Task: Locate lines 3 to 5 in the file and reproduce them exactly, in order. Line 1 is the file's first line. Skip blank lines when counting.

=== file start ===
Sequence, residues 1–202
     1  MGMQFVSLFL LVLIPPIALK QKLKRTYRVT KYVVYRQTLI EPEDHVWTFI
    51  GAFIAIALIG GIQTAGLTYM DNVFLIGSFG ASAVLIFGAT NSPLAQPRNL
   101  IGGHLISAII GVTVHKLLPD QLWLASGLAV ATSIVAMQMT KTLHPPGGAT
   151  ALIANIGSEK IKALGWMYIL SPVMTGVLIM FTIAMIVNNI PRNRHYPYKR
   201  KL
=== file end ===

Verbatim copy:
    51  GAFIAIALIG GIQTAGLTYM DNVFLIGSFG ASAVLIFGAT NSPLAQPRNL
   101  IGGHLISAII GVTVHKLLPD QLWLASGLAV ATSIVAMQMT KTLHPPGGAT
   151  ALIANIGSEK IKALGWMYIL SPVMTGVLIM FTIAMIVNNI PRNRHYPYKR